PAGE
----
Alberta county warns of danger when residents fight wildfires themselves

·3 min read

GRANDE PRAIRIE, Alta. — As frustration mounts over the response to wildfires that have forced thousands of Albertans to flee their homes and rural properties, one county is warning its residents against "unsanctioned acts" it says put lives in danger.

The County of Grande Prairie issued a statement saying a member of the public who was operating their own personal bulldozer on Friday "put themselves and crews in danger by knocking trees into the fire and nearly running over fire crews and their equipment.

The statement said it's "imperative" people understand that decisions on how to fight fires are highly coordinated and members of the public cannot act on their own, even if they mean well."

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"Our fire crews are made up of highly skilled firefighters trained in everything from structure protection to wildland firefighting and getting in their way places themselves and crews in danger and reduces our ability to protect people and property," the county said in the statement posted to its website on Saturday morning.

"Our goals are first to protect people, and second to protect property."

There were 83 active wildfires in the province as of Saturday afternoon, including 21 out of control, and about 16,500 people from several other communities in central and northern Alberta remained out of their homes.

Saturday's rising temperatures, which are forecast to continue throughout the weekend and into early next week, were expected to increase the spread of the fires.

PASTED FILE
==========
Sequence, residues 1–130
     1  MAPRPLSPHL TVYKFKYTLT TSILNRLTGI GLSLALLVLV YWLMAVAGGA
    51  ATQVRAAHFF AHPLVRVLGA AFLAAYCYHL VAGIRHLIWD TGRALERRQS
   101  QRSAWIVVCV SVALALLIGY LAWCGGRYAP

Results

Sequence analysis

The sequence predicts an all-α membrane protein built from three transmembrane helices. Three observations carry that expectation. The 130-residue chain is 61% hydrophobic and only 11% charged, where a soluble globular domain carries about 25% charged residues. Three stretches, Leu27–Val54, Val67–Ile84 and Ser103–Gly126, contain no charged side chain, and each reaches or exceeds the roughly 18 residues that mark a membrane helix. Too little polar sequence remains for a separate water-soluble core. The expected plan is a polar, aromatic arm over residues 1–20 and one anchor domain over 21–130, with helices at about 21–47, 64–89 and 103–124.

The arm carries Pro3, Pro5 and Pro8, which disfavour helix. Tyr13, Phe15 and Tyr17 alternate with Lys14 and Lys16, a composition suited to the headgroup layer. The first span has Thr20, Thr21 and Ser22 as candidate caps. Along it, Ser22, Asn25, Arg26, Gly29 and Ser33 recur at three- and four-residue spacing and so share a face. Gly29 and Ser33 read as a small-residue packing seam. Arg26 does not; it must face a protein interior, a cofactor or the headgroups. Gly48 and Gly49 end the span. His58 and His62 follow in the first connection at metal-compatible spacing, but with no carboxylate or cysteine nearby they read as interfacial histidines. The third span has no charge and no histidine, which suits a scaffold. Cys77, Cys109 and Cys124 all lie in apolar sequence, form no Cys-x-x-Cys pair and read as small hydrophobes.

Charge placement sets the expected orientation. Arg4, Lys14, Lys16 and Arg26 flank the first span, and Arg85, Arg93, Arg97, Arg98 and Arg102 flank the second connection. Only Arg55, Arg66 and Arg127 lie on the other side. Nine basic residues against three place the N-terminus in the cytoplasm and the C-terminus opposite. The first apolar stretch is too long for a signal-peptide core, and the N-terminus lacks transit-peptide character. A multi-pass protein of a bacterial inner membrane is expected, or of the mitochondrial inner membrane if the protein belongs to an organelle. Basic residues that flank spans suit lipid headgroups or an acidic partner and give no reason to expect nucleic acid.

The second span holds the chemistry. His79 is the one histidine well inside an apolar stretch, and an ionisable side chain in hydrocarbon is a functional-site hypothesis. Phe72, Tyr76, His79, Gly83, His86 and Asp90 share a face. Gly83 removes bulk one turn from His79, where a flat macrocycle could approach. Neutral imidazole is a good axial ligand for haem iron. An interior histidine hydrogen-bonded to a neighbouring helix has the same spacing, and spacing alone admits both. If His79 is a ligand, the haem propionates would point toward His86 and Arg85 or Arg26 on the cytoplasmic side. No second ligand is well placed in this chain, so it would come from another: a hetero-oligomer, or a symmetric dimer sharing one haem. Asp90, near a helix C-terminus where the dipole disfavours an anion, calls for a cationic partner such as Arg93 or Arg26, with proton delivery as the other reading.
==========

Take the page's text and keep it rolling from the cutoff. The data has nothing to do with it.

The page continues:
"Everyone needs to understand the risk because it's changing so quickly. People need to understand there may be instances that their rescue wouldn't be possible," Agriculture Minister Nate Horner told a wildfire news conference Saturday, noting ranchers and farmers with concerns about their animals should contact municipal officials first.

"It's very important that we follow the evacuation orders, first and foremost."

During an information session hosted by the Grande Prairie Regional Emergency Partnership earlier this week, one of the residents forced from his home by the Dunes West fire said the blaze could have been stopped within 12 hours if the county had allowed people to perform their own fire prevention.

Others wanted to get back to check on farm animals that had to be left behind.

Josee St-Onge, an information officer with Alberta Wildfire, said the wildfire danger remains extreme in most of the province this weekend.

"While we have seen cooler temperatures and some rain in previous days, it's not enough to make a significant difference on most of these large wildfires. Fire activity will pick up today," St-Onge told Saturday's news conference.

Alberta Premier Danielle Smith was in Grande Prairie on Friday surveying the fire zone and meeting with local officials and Indigenous leaders.

On Saturday morning, while making an election campaign announcement on health care, she said the government had just approved construction of "a pretty extensive fire guard for the city."

About 300 members of the Canadian Armed Forces are being deployed across the province to help with the blazes over the next few days. Firefighters deployed from other provinces are also currently fighting blazes in Alberta, and another 200 are expected in the coming days from the United States.

This report by The Canadian Press was first published May 13, 2023.

The Canadian Press